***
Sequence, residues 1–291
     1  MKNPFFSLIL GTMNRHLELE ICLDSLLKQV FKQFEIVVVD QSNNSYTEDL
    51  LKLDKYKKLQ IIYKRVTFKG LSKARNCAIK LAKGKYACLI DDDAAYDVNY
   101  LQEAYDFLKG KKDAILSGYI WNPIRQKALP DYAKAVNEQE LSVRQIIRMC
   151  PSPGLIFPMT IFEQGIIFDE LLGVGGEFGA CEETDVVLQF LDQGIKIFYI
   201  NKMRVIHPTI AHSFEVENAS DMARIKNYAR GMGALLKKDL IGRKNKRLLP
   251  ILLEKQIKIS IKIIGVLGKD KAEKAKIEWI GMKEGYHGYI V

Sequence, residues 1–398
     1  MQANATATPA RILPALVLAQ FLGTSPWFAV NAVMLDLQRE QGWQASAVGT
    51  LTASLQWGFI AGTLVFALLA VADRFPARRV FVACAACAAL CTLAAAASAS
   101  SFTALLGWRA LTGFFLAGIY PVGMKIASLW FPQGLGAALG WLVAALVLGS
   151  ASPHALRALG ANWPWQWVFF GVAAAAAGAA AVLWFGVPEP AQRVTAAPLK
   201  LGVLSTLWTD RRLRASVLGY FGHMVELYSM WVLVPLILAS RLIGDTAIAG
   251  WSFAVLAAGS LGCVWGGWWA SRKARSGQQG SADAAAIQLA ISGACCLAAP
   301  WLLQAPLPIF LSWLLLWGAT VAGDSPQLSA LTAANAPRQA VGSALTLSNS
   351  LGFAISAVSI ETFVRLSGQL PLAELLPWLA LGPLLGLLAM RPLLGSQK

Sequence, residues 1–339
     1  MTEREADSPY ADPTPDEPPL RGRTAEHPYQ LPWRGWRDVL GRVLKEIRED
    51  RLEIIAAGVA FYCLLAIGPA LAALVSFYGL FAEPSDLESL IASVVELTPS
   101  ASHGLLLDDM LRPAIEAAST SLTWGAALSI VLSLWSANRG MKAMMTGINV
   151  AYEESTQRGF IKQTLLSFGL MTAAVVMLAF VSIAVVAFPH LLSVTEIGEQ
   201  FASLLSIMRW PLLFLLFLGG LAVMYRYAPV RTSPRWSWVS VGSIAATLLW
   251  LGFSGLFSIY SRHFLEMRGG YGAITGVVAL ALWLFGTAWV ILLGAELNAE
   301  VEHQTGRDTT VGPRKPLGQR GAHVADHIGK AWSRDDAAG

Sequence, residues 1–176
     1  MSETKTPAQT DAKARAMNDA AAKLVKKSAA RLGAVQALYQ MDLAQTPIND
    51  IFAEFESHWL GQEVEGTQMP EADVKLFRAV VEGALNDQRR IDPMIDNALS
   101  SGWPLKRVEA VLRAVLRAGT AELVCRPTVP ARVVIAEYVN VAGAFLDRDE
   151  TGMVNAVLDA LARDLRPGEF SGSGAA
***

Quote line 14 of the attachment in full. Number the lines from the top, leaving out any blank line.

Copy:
   251  WSFAVLAAGS LGCVWGGWWA SRKARSGQQG SADAAAIQLA ISGACCLAAP